Podcast Episode

Social Networking For Scientists Summary

Notes from the talk I gave on 14th November, on Social Networking for Scientists. What follows is by no means an exhaustive list of links, ideas and suggestions for improving the profile of scientists in Western Australia.

As a not-a-scientist (my thesis is in the measurement of paranormal and pseudoscientific beliefs), but a former Media and English teacher, I have collected a number of useful strategies over time in order to best handle social networking – some of the more useful ones include:

 

  • Blogging – online journal, “biographical-log” – analysis, comments and reflections, online personal journal with reflections, comments, and links.

Science Blogs www.scienceblogs.com
Wired Science Blogs www.wired.com/wiredscience/science-blogs
SciBlogs New Zealand www.sciblogs.co.nz
Discover Blogs www.blogs.discovermagazine.com

I ended up blogging my literature review for my thesis; I currently blog at Freethought blogs with other scientists and writers, including PZ “Pharyngula” Myers.

Podcasts mentioned in reference to blogging: An Interview With James Byrne and An Interview With Bec Crew, Alex Brown And Cara Santa Maria and An Interview With Daniel Keogh

 

  • Twitter – ‘micro-blogging’ – networking that enables sending and reading of text-based messages of up to 140 characters.

Bora Zivkovic www.twitter.com/BoraZ
Ed Yong www.twitter.com/edyong209
Ben Goldacre www.twitter.com/bengoldacre
Jennifer Ouellette www.twitter.com/JenLucPiquant
Brian Schmidt www.twitter.com/cosmicpinot
Jennifer L. Rohn www.twitter.com/JennyRohn

Many of the presenters here have their own Twitter accounts – the number of Tweets and information can be handled through lists, selective following and use of hashtags and sites like Storify.

Podcasts mentioned in reference to Twitter: Interview With Hayley Stevens

Storify by Kylie Sturgess – includes conferences like #solo12wis – Tweets From SpotOn London 2012: Women in science and Profs and Pints Event in Perth.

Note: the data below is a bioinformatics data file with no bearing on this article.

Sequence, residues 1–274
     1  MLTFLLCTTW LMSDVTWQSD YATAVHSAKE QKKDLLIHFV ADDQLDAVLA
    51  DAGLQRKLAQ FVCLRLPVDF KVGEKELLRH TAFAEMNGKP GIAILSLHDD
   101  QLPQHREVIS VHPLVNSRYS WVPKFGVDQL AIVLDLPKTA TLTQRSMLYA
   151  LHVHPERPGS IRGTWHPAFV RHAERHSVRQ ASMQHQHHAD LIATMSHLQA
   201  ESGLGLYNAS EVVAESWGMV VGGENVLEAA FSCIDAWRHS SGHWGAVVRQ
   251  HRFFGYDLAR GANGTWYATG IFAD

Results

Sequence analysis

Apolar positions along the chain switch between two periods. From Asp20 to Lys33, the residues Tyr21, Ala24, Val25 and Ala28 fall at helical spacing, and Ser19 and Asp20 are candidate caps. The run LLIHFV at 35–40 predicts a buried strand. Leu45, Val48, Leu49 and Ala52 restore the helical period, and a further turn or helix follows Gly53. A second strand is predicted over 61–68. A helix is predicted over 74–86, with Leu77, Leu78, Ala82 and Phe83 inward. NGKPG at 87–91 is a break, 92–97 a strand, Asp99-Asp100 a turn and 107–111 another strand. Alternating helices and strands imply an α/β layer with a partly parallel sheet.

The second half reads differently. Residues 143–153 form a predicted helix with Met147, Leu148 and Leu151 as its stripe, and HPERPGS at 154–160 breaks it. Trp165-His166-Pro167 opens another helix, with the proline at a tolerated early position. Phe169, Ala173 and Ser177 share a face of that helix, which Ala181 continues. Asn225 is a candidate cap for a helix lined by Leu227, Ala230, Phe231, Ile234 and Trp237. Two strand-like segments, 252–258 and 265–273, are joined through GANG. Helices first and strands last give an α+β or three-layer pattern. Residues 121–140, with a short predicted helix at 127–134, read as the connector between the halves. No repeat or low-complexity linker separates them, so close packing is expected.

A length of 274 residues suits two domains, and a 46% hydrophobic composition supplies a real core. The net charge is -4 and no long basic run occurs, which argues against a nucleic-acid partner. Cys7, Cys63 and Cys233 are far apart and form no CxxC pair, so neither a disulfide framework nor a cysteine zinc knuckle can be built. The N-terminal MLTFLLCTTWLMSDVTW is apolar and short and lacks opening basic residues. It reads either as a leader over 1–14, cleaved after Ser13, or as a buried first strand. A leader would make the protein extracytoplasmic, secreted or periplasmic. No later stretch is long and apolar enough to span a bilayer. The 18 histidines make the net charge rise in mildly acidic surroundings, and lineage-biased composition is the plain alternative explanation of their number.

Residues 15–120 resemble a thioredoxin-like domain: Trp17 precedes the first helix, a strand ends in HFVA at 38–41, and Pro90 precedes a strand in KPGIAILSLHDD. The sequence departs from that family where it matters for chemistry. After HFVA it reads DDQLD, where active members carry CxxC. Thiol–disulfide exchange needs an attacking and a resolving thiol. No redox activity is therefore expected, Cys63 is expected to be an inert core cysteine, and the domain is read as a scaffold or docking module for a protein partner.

Storify by ScienceRewired – conference held in Adelaide last month; next in early 2013.

Guide to Twitter – http://www.sigmabioblogs.com/science-online-2/twitter-for-scientists/

 

  • Podcasts – digital media (typically audio), consisting of an episodic series of audio, video, PDF, or ePub files subscribed to and downloaded through web syndication.

Naked Scientists Podcast www.thenakedscientists.com
StarTalk www.startalkradio.net
Science Friday / Science in Action http://www.sciencefriday.com
Astronomy Cast www.astronomycast.com
Token Skeptic www.tokenskeptic.org

Podcasts mentioned in reference to Podcasting: Interview With Dr Pamela Gay and Fraser Cain and Derek Colanduno With Eugenie Scott And Steven Novella

Podcast guidehttp://sciencerewired.org/2012/10/session-6c-the-power-of-the-podcast/

 

It was through the rallying of blogs that David Attenborough decided to include Perth on his recent tour; it’s the recent announcement that the closure of the Naked Scientist radio show that has had ripple effects internationally; because the podcast of the show is so popular world-wide (in fact, it’s won seven national and international awards for science communication since 2006), even though it’s being called a ‘local Cambridge radio show’ by the regional head of the radio station.

There are a great many blogs and podcasts out there already, which promote science and engage people – but I don’t often see or find it easy to locate local names or talent online. So my suggestions to begin with is are as follows:

  1. Networking through groups such as the Australian Science Communicators to identify what blogs there are that focus on or tap into WA Science and encourage them;
  2. To consider featuring on a podcast, such as mine, in order to get the word out about WA Science – much like the recent ScienceRewired conference series I did;
  3. A possible Wikipedia Editing Day or Week, where we target a number of pages and people in WA Science to focus on, akin to the recent Royal Society’s efforts with Ada Lovelace Day, where they improved the pages and appearance of a number of women in science.

Even if you’re not a blogger or a podcaster or know how to edit Wikipedia, I know that there are people who are keen to help and, like myself, are interested in learning more.

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